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Editorial Results (free)

1. Appointment Viewing -

In 2014 Crye-Leike Realtors totaled 183,000 scheduled appointments for house showings, a logistical feat considering all the moving parts involved.

Calls for showings can come after business hours and on weekends, when many real estate companies are not open, and confirming showing times with sellers can sometimes be difficult during normal hours when they’re at work or busy dealing with everyday life.

2. Events -

The Rotary Club of Memphis East will meet Wednesday, Jan. 28, at noon at The Racquet Club of Memphis, 5111 Sanderlin Ave. Dr. James R. Downing, president and chief executive officer of St. Jude Children’s Research Hospital, will speak. Cost is $17. RSVP at Lee Hughes at lmhughes@bellsouth.net.

3. Invest Early -

It would be true if you were talking about stock in Apple Inc., Google Inc. or Netflix Inc. And it is true when talking about children.

4. Events -

Networking in Memphis will host its 2015 kickoff Tuesday, Jan. 27, from 6 p.m. to 8:30 p.m. at 300 Art Gallery, 300 S. Main St. Edward Jones financial adviser Stephen Stamps will talk about investing in 2015, and the group will also discuss community involvement. Cost is $10; proceeds support the Memphis Entrepreneurship Academy. Visit networkinginmem.com or email networkinginmem@gmail.com.

5. Fairgrounds Forum Set for Jan. 28 -

The Wharton administration’s still-forming plan for redevelopment of the Mid-South Fairgrounds and the Tourism Development Zone proposed to finance it are the subjects of a Jan. 28 forum by the Greater Memphis Progressive Caucus and Make Memphis.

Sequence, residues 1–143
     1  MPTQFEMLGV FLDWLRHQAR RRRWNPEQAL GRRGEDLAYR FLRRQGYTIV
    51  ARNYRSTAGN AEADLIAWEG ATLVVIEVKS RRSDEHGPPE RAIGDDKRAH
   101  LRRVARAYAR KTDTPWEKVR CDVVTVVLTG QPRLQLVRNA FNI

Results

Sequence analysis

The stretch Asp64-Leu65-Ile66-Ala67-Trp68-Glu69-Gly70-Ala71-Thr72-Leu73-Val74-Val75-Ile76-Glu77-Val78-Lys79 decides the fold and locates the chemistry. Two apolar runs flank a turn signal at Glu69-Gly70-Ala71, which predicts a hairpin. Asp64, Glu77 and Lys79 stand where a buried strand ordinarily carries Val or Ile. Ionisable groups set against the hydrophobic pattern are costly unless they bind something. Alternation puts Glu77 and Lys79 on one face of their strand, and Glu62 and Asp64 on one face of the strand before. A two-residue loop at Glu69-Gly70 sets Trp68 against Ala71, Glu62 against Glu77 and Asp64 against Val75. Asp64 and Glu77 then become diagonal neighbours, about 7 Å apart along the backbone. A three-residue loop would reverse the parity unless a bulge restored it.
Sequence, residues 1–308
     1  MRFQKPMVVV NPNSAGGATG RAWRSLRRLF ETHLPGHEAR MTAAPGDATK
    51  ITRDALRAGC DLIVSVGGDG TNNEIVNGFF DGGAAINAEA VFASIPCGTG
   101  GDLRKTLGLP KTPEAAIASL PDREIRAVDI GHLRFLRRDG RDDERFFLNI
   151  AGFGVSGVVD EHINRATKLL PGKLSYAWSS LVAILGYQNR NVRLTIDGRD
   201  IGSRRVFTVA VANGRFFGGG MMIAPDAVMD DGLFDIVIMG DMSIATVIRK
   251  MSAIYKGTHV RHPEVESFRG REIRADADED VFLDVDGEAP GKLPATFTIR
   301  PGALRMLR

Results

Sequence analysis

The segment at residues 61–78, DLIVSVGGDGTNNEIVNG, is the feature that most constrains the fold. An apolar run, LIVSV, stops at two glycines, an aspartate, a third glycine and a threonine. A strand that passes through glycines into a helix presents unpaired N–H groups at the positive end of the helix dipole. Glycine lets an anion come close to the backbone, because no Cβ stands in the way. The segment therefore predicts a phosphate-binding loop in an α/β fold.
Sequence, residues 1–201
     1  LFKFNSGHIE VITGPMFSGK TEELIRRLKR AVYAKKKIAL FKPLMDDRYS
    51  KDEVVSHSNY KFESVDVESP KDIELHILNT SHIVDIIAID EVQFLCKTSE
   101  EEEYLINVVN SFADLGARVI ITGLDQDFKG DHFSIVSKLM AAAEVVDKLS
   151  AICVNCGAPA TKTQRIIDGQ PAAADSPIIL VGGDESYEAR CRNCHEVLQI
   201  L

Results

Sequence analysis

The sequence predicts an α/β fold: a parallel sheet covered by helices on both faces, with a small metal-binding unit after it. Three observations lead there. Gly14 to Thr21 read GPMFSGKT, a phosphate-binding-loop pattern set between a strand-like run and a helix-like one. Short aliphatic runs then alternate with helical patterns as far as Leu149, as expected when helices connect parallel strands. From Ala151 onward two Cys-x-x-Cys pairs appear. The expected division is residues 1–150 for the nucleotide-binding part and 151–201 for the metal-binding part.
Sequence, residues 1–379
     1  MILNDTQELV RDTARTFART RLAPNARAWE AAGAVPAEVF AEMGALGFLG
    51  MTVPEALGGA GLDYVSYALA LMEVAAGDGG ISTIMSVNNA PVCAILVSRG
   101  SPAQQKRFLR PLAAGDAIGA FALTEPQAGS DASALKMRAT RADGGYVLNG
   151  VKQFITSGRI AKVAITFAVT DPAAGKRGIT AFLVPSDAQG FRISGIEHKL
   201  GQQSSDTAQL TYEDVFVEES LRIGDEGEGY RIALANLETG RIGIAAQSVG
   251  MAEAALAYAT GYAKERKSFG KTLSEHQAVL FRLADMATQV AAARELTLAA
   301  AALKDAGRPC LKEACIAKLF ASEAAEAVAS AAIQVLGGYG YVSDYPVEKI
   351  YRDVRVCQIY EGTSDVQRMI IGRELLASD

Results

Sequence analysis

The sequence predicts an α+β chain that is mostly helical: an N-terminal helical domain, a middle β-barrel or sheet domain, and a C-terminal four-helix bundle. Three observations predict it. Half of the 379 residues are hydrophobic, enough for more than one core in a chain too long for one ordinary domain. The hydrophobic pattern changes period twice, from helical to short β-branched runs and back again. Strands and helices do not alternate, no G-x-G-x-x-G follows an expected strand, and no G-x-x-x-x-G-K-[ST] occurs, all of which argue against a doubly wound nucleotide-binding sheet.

6. Events -

Youth Villages Soup Sunday will be held Sunday, Jan. 25, from 11 a.m. to 2 p.m. at FedExForum, 191 Beale St. The event will feature soup, bread, dessert and other delicacies from more than 50 Memphis-area restaurants and caterers, plus live entertainment and Kids Zone. Tickets are $30 for adults and $10 for ages 6-10. Visit soupsunday.org.

7. Events -

Rhodes College will host the Tournees French Film Festival Tuesday, Jan. 27, through Feb. 11 in the Blount Auditorium in Buckman Hall at Rhodes, 2000 North Parkway. All screenings start at 7 p.m. Films will be subtitled in English. Cost is free. Visit rhodes.edu for a schedule.

8. Editorial: ‘We Come in Peace’ -

It doesn’t seem enough just to say the role of minority-owned businesses must be greater in the Memphis economy.

The basic premise is undeniable in a city whose population is two-thirds African-American and 6.3 percent Latino.

9. One Percent -

Majority and minority are volatile terms in Memphis.

Using them in a context outside race requires an explanation because without that, the assumption is the terms are being used in a racial context.

10. Fairgrounds Forum Set for Jan. 28 -